I’ve often said that the evidence for actual periodic (or even pseudoperiodic) behavior in ocean cycles is sketchy at best. What are usually quoted as periods are better referred to as characteristic time scales. Furthermore, it’s all too easy to misinterpret period analysis (usually in the form of spectral analysis) even when estimating the values of, or assessing the existence of, characteristic time scales.
I don’t deny the existence of fluctuations (which I regard as a better description). Nor do I claim that they don’t show characteristic time scales — just that the evidence is often sketchy at best. As far as being actually periodic (in the sense that knowledge of the last few “cycles” enables us to make some useful prediction of the next, or the next few, “cycles”), I believe that they’re not. I could be wrong — but I’m still waiting for evidence.
A reader recently pointed to a fascinating paper (Knudsen et al. 2011, Tracking the Atlantic Multidecadal Oscillation through the last 8,000 years. Nat. Commun. 2:178 doi: 10.1038/ncomms1186) which studies a variety of data which are believed to be correlated to AMO (Atlantic Multidecadal Oscillation) over the last 8,000 years. They analyzed the data using windowed Fourier analysis, in which a time slice (“window”) of the data is Fourier-analyzed to gather information about the behavior for a particular moment (or better to say, interval), then the window itself slides through time to see how the behavior changes. It’s one of the more popular (and excellent) time-frequency methods, enabling us to look for periodic and pseudoperiodic behavior, as well as characteristic time scales, and investigate how they might change over time.
They also used the Lomb-Scarge periodogram as their Fourier method of choice. In my opinion it’s one of the best methods available (but I prefer Ferraz-Mello’s DCDFT, or date-compensated discrete Fourier transform), and has the tremendous virtue that it does not require a regular time sampling for the data. This eliminates the need to interpolate the data onto a regular time grid before spectral analysis — the Lomb-Scargle periodogram can directly analyze the raw data.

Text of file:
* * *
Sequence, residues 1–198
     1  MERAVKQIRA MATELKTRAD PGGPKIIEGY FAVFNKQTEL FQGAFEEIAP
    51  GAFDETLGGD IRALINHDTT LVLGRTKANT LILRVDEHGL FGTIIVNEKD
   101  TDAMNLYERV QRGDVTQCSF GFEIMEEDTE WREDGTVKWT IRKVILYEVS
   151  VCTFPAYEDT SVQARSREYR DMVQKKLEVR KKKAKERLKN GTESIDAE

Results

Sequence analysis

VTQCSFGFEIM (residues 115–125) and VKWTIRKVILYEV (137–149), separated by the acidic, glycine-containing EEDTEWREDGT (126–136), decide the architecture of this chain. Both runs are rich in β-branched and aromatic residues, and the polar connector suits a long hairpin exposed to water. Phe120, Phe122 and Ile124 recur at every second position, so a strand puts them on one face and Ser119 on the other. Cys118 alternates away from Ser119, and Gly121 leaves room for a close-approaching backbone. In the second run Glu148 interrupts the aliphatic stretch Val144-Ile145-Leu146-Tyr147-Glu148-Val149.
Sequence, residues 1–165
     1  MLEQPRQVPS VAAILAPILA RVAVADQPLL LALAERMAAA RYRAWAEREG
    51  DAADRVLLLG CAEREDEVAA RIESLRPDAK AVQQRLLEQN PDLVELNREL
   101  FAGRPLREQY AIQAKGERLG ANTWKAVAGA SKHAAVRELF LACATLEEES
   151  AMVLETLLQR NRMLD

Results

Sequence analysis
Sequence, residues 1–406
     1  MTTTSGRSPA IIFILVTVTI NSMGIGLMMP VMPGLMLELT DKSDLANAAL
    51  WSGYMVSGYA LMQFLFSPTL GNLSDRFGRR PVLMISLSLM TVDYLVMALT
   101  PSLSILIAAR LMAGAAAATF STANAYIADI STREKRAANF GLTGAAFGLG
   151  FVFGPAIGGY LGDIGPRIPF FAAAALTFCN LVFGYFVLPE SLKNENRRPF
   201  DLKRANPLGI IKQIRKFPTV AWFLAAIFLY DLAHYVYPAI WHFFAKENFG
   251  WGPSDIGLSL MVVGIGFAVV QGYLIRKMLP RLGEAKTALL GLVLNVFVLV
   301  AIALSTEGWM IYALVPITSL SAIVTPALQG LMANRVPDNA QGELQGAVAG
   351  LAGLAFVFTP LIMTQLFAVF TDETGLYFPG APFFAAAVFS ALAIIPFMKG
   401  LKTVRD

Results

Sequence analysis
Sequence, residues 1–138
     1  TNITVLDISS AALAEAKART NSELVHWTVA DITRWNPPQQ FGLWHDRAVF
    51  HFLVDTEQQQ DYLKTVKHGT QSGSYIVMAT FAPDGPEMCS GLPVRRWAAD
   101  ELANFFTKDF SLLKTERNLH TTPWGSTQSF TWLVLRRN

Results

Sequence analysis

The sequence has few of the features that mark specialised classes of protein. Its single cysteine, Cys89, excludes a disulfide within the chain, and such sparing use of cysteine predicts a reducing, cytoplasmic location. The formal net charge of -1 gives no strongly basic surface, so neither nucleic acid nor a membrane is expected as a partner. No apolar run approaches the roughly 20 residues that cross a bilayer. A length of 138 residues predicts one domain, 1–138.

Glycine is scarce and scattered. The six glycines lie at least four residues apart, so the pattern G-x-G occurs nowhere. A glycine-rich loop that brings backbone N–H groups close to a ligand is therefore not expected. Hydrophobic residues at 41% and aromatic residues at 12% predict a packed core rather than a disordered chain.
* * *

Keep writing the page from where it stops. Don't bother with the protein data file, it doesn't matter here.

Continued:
Their analysis uses a 2,000-year sliding window (although the window shrinks as they approach the present day), which enables them to estimate periods precisely enough. At each “step” the window is advanced 50 yr in time. Finally, they de-trended the data before spectral analysis.
Their results are illustrated with their figure 5:
In this graph, the plotted colors indicate statistical significance of various periodic components in the spectral analysis. Orange indicates 90% significance, red is 95% confidence, and dark red 99% confidence.
I looked at some of the data in some detail, and got results which are dramatically different from those reported by Knudsen et al. So I emailed Dr. Knudsen, who kindly replied in detail, which confirmed my suspicion that the difference was because we were using a different sense of the word “significance.”
Although their results are both correct, and computed according to standard practices, an extreme caveat applies. A result which is reported as passing 99% significance, does not mean that it’s actually a 99% confidence periodic result! It would be, if and only if the test were applied only to a single, precisely determined, pre-defined test period. But the spectral analysis tests a wide range of periods (i.e., of frequencies), covering at least the plotted frequency range from 0.01 to 0.02 cycle/yr (periods from 50 to 100 yr). This means that there are lots more chances to get an apparently “significant” result — just by chance.
A stated significance level of 90% actually means that we can expect 10% of spectral peaks to surpass that level even if the data are just noise. There’ll be enough peaks in as broad a frequency range as 0.01 to 0.02 cycle/yr, that we should actually expect to see such a threshold surpassed, more often than not. Therefore, the vast majority of the plotted responses may be only the response to random noise. That doesn’t mean that they are just a noise response — but it does mean that there’s insufficient evidence to conclude that they indicate genuine periodic (or pseudoperiodic) behavior with real confidence. Furthermore, even those few cases in which the response is strong enough that it does constitute real evidence, the real statistical significance is far less than indicated by the single-frequency significance level.